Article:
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The Mark Inside

Anatomy Of A Con: The Rag.


The Fake Stock Exchange.

Based on descriptions by Len Reamey to Van Cise in Fighting the Underworld

The Fake Stock Exchange, known as the rag, was one of the more complicated cons run by Lou Blonger and company. As befit the raging market of the twenties, chumps were lured into the game with the promise of quick, handsome profits on an inside stock tip — with no initial investment.

For many at the time, "investing" in stocks was much the same as betting a pony for a quick turnaround, not unlike contemporary day traders, and the action took place in storefronts that could just as easily have been off-track betting parlors.

A variation on the stock exchange theme, called the wire, did in fact use a fake OTB, a familar notion to those who have seen the fairly accurate depiction of it in the The Sting. Paul Newman's character was an homage to Chicago's Gondorff brothers, and their crew would have fit right in with Blonger's crew.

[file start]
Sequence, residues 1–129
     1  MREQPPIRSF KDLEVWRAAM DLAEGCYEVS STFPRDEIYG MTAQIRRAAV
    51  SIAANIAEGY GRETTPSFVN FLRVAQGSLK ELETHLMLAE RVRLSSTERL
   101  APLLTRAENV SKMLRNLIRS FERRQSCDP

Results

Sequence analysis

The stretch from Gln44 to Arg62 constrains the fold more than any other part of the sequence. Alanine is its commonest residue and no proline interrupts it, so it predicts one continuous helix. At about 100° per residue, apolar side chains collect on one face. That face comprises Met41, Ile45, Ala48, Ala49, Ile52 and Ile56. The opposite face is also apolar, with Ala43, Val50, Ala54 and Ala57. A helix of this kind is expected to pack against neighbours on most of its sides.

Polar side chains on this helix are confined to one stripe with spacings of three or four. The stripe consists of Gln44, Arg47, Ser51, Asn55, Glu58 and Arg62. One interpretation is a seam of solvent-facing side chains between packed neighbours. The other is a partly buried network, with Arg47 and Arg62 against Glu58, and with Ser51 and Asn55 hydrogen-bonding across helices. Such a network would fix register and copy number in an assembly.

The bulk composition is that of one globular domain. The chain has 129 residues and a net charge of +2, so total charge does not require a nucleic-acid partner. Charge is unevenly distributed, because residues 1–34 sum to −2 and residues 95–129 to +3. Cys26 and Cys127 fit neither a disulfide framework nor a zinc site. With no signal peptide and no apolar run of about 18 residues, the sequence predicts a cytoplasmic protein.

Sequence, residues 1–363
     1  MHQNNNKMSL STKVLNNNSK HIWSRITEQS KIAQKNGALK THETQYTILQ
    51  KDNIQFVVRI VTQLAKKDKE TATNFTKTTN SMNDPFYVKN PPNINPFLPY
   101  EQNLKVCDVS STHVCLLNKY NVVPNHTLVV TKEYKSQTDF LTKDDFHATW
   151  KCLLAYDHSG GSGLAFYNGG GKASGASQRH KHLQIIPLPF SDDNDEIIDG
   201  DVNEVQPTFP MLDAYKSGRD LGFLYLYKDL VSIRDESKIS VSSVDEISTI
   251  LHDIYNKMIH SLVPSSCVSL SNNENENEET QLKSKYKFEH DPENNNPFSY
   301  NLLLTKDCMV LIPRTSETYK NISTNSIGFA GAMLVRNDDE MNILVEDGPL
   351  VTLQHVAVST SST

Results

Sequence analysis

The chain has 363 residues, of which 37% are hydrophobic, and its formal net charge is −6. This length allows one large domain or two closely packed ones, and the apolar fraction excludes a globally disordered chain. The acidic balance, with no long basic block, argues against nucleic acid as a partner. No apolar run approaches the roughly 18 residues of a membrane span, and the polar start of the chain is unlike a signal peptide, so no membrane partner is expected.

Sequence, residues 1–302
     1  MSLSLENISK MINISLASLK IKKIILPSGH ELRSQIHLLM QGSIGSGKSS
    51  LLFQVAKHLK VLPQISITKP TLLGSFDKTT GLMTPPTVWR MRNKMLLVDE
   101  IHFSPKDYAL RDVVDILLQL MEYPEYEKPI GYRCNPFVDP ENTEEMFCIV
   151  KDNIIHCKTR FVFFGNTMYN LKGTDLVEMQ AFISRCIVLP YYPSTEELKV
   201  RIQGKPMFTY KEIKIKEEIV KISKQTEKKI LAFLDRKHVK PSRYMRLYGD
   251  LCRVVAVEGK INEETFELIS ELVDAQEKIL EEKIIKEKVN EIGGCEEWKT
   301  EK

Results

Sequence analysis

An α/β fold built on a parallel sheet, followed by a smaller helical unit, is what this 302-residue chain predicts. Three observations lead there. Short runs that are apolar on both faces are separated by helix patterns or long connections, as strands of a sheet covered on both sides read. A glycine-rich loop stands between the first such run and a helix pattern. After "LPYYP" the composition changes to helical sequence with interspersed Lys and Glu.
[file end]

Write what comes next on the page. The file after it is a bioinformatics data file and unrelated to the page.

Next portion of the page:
The Pieces

The Sucker: A well-heeled tourist or visiting businessman.


The Fixer: At the top of the pyramid was the Fixer. He greased the palms at City Hall, the courts and at the precinct, and bailed you out if the cops felt forced to look like they were doing their job. His word opened the store in the spring, and shut it down in the fall, and he had final say over who could work the Store.

The Manager: Rented the rooms, hired and fired, divided the money, and even held classes for the new talent in town.

The Roper: Referred to as a Steerer in Underworld, swarms of Ropers roamed the streets of downtown, sizing up passerby, looking for a mark worth taking to the next level.

The Spieler: Has the "inside tip" that's going to make the Sucker rich.

The Bookmaker or Clerk: Presides over the fake exchange or betting parlor.

The Tailer: Once real cash comes into play, the Tailer shadows whoever has possession, to guard against embezzling or robbery.

Boosters: Extras used in the exchange for the sake of realism.

The real action involves the complex choreography between the the Roper, the Spieler and of course the Sucker. Following the play can be difficult at times, but every step is designed to guarantee the cooperation of the Sucker, all the while encouraging him to think he's acting of his own free will and in his own interest.

And that interest is greed, a fact not lost on the grifter. Pit greed against greed, and the money belongs to he who can get his hands on it. And the grifter always has the advantage.

Two things every grifter knows:

  • Everybody Wants Free Money